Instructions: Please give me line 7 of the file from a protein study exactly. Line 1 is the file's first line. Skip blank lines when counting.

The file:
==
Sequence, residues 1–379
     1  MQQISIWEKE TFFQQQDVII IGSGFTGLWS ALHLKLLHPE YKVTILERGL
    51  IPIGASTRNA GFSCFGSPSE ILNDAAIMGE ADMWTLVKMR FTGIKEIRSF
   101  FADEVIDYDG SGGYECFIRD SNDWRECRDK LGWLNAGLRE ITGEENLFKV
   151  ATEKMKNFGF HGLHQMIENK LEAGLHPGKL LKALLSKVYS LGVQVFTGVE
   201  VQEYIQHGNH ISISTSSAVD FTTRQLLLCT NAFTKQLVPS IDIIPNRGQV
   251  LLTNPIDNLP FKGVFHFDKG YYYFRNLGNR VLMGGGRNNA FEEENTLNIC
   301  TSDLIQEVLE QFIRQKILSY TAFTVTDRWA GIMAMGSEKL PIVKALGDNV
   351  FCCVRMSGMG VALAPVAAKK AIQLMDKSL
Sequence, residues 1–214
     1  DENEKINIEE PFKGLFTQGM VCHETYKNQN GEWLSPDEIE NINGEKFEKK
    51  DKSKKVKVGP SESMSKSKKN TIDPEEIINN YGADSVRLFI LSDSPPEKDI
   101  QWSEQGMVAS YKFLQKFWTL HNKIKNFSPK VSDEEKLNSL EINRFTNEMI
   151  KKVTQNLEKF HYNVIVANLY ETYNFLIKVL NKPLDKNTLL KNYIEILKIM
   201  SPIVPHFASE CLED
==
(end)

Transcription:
   251  LLTNPIDNLP FKGVFHFDKG YYYFRNLGNR VLMGGGRNNA FEEENTLNIC